Leading With Sustainability Webinar - December 15, 2011

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  • The institutional arrangements for support depend, in the first place, on the relationship between the service authority and service provider. If the service provision arrangement is fully internal, i.e. the service is provided by a municipal department or municipal utility company, there is no clear direct support mechanism and, probably, no need for it. However, in such cases, only indirect support may be needed, for example when a utility hires an external consultant. These costs are normally included in the operational expenditure of the utility and may be passed on to the client. The other extreme is when the service provision is fully externalised, i.e. the authority has fully delegated the service provision to an independent service provider, which can be a private utility or operator, a mixed company or a CBO. 2. Most of the cases found refer to support for community-based management, which is the most common service delivery model in rural areas. The case from Mali contains support for private operators and the one from South Africa represents a joint management model.
  • SISAR is an organisational model for managing rural water and sanitation in the rural areas of three states in North–East Brazil (Bahia, Ceará and Piauí It started in 1996 as associations of community-based service providers, with a dedicated operational unit which provides technical and administrative support to its individual member communities. In the State of Ceará, eight SISARs cover between 25 and 112 systems each, representing between 15,000 and 72,000 users. The initial costs of establishing the structure of SISAR has been co-financed between the State, through CAGECE, KfW (German Development Bank) and the World Bank. The running costs of the model are covered by user tariffs. The costs of direct support are difficult to single out, as a significant cost category (personnel costs) is both for direct support and operation and maintenance. specific costs of each SISAR differ. Support costs are significant in relative terms, representing around 25% of the total water costs to rural users. US$ 3.63 / person/ 2010 (combining both personnel and other expenses of SISAR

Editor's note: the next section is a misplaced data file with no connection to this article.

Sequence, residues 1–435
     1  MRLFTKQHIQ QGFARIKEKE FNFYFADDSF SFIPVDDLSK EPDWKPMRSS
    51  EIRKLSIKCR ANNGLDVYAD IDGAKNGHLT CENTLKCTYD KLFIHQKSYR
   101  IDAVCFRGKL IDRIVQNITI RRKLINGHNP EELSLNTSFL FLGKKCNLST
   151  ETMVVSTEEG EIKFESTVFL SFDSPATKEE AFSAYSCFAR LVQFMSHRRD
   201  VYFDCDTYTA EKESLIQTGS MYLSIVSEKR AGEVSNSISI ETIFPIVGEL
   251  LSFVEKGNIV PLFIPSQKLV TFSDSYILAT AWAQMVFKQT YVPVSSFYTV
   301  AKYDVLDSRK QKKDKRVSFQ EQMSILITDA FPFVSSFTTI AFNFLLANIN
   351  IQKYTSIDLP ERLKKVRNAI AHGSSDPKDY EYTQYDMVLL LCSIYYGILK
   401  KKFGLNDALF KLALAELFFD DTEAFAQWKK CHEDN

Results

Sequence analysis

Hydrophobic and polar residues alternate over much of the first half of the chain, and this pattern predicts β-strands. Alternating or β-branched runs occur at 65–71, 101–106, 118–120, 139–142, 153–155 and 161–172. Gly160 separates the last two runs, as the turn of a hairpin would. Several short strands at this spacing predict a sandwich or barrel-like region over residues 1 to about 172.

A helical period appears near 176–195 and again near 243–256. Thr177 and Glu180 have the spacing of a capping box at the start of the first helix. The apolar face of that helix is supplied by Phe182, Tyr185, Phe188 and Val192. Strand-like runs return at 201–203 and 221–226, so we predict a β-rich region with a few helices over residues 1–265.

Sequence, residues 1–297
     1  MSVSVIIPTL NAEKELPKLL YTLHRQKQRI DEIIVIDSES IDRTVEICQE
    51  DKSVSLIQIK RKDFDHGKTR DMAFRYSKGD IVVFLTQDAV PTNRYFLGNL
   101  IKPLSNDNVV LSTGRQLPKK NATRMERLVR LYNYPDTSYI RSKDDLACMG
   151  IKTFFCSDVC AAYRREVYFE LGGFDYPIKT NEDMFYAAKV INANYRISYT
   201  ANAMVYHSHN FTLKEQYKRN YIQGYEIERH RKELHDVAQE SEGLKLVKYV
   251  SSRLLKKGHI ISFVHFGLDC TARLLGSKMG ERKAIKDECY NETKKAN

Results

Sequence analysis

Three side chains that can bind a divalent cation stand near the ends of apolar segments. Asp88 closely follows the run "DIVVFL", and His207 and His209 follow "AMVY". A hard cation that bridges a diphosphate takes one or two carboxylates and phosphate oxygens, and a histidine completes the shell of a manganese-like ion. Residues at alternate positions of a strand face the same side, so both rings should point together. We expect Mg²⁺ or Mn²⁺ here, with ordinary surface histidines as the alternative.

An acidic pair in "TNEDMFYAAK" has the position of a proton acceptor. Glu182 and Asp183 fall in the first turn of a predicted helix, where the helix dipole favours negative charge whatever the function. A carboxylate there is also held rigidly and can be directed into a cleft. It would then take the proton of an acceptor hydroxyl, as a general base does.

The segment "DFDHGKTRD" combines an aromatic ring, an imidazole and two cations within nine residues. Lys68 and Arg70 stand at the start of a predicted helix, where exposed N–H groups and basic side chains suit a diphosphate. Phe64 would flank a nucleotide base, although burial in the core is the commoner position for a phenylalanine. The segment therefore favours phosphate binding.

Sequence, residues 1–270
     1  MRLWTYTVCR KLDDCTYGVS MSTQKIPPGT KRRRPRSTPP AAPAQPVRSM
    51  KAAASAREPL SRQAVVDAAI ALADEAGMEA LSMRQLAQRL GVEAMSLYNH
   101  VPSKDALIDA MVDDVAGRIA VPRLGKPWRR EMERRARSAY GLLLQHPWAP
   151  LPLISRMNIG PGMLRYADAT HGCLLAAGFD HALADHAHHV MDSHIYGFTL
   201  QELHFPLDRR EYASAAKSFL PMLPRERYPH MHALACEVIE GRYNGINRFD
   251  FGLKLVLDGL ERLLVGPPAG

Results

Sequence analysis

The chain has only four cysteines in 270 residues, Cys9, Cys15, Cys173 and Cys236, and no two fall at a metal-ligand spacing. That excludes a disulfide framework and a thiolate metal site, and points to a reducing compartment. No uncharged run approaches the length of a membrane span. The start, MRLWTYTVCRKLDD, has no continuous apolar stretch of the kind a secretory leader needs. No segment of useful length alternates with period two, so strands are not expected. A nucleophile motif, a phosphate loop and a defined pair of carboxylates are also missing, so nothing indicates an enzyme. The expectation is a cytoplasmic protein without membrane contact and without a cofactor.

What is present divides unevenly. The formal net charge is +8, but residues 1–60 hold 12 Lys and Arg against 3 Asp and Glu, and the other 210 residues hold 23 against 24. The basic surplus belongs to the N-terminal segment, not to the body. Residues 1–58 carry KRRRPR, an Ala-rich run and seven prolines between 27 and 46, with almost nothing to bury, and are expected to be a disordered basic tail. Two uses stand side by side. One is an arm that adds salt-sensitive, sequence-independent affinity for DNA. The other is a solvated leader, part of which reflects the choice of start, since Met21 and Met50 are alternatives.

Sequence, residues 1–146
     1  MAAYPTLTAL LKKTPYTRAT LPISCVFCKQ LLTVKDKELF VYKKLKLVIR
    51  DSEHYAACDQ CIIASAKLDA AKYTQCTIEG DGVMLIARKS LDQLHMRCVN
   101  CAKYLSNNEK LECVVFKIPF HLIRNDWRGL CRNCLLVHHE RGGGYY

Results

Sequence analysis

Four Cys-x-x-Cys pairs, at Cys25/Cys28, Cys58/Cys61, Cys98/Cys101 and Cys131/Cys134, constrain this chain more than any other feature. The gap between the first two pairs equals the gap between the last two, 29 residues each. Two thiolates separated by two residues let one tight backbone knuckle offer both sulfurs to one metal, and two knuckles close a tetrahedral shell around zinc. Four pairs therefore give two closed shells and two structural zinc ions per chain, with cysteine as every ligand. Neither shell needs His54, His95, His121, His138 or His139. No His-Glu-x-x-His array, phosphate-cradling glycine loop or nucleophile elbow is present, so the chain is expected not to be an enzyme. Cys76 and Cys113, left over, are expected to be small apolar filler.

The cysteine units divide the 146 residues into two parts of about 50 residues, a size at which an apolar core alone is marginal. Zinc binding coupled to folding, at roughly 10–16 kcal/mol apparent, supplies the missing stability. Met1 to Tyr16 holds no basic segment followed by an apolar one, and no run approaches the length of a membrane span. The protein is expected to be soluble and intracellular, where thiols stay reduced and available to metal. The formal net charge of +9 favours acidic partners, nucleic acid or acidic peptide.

• Leading With Sustainability Webinar - December 15, 2011

    1. 1. Leading with Sustainability: Laying the Groundwork for Lasting Services     Thursday, December 15, 2011
    2. 2. <ul><li>Leading With Sustainability </li></ul><ul><li>Laying The Groundwork For Lasting Services </li></ul><ul><li>The Donor Perspective </li></ul><ul><li>Braimah Apambire </li></ul>
    3. 3. Background <ul><li>The Foundation has granted approximately $85 million to the WASH sector </li></ul><ul><li>Provided water to over 2 million people </li></ul><ul><li>Target countries: Burkina Faso, Ghana, Mali, Niger, Ethiopia, Mexico and India </li></ul><ul><li>5-year strategy </li></ul>
    4. 4. Evaluating Potential Grantees and Partnerships <ul><li>Infrastructure on the ground </li></ul><ul><li>Work long-term </li></ul><ul><li>Ability to work with communities, government and key stakeholders </li></ul><ul><li>Capacity building, training </li></ul><ul><li>WASH+ including water-related livelihood activities for income that can be used for repair and maintenance </li></ul><ul><li>Site visits with potential partners </li></ul>
    5. 5. Evaluating Proposals <ul><li>General </li></ul><ul><li>Demand for project </li></ul><ul><li>Appropriate technologies </li></ul><ul><li>Staff </li></ul><ul><li>Budgets provide for M&E, capacity building </li></ul><ul><li>Proposal adequately demonstrates how the outputs and outcomes are likely to be sustained </li></ul><ul><li>Exit strategy is well planned, feasible, and unlikely to cause harm to beneficiaries </li></ul><ul><li>M&E and sustainability plans linked with country’s system </li></ul><ul><li>Collaborative links </li></ul><ul><li>Collaboration and networking among stakeholders—communities, government and local institutions—to ensure program sustainability. </li></ul><ul><li>Sector-wide dialogue on sustainability </li></ul><ul><li>Strengthen community capacity to manage and fully own the facilities. </li></ul><ul><li>Linkages to spare parts and technical support </li></ul>
    6. 6. Evaluating Proposals <ul><li>Financial Sustainability </li></ul><ul><li>Community </li></ul><ul><li>District level </li></ul><ul><li>Environmental Sustainability </li></ul><ul><li>Protection of services </li></ul><ul><li>Long-term sustainability of water resources – quantity and quality </li></ul>